My initiation in the full science and art of good training came as a result of the Three Mile Island Nuclear Power Plant accident of 1979. I began working as a trainer with Westinghouse Nuclear Services when the “learnings” from that accident were being implemented throughout the industry, including change to the training of power plant operators.

    The operators on duty at Three Mile Island when the accident happened understood the operation of the nuclear reactor, but they did not understand basic thermodynamics and fluid flow. It was their misinterpretation of these the lead them to take actions leading to the accident. The training department  had not included these topics in the training program, and government regulators had not included these topics in licensing tests.

    The nuclear industry recognized that to have effective training, it was necessary to look more analytically at the job of reactor operator, to create clear linkages from the tasks a reactor operator does, to the knowledge and skill taught in the classroom and on the job, and finally to evaluations conducted during and after training. The methods selected to do this were found in Instructional System Design (ISD), the forerunner of the ADDIE model, and it was from this that I learned the full scope of what it means to be a training professional.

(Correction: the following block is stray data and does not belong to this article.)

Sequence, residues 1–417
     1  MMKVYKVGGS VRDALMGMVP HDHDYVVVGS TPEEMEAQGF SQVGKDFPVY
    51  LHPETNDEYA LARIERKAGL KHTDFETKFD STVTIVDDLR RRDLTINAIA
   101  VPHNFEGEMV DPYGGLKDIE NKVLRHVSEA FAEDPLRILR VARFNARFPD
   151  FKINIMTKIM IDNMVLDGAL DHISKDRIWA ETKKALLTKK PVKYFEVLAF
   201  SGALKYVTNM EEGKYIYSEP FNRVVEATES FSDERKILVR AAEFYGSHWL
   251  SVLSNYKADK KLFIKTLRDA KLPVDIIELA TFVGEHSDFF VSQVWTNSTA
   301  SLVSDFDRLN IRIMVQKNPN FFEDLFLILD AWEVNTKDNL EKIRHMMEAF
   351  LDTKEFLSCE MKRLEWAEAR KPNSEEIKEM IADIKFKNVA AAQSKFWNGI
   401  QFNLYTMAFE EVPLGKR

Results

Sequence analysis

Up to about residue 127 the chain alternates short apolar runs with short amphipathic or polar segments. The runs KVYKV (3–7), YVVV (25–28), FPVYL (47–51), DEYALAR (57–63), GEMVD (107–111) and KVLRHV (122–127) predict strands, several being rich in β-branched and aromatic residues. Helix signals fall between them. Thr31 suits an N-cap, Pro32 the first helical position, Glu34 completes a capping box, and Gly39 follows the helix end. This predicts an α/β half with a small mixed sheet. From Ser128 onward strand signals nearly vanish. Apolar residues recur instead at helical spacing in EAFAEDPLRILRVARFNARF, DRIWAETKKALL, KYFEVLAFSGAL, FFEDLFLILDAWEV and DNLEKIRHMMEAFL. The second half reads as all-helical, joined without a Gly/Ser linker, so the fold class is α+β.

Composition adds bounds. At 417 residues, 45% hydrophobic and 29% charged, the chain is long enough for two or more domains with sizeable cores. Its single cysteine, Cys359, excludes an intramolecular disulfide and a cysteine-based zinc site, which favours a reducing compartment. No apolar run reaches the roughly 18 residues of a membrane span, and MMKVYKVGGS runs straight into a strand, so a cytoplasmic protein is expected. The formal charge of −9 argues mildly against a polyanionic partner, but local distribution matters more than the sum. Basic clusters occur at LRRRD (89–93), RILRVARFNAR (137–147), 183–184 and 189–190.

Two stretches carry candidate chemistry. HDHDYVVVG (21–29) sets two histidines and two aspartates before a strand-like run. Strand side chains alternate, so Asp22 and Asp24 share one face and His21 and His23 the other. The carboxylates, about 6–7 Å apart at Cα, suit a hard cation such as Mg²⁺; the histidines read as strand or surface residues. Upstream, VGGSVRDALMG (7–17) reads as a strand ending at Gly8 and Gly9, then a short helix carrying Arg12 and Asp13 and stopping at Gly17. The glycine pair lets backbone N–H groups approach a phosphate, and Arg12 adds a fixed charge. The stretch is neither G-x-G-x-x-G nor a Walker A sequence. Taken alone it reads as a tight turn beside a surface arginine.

Luckily, it is no longer necessary to have a nuclear accident to learn the importance of a systematic approach to training. WLPI was created by “old hands” in the industry to show new and experienced trainers alike the full scope of the employee training process and how to ensure that each individual training event is connected to actual job needs and supports documentable performance improvement—for the business, as well as for the employee. 

    The Fall 2018 WLPI begins on Oct 13, 2018 and consists of seven sessions.  Learn more here:

  • July 03, 2018 12:36 PM | Olga Polyakova (Administrator)
    By Susan Camberis
    Editor, Training Today

    ATDChi’s June Networking Dinner and Clinic featured a panel discussion of local TD professionals sharing their certification experiences. 

    The Association for Talent Development’s Certification Institute (ATD CI) offers two certifications based on the ATD competency model:

    • The Certified Professional in Learning and Performance (CPLP) is broad-based, covering 10 areas of expertise (or AOEs).  It consists of a three-hour knowledge exam and a three-hour skills application exam.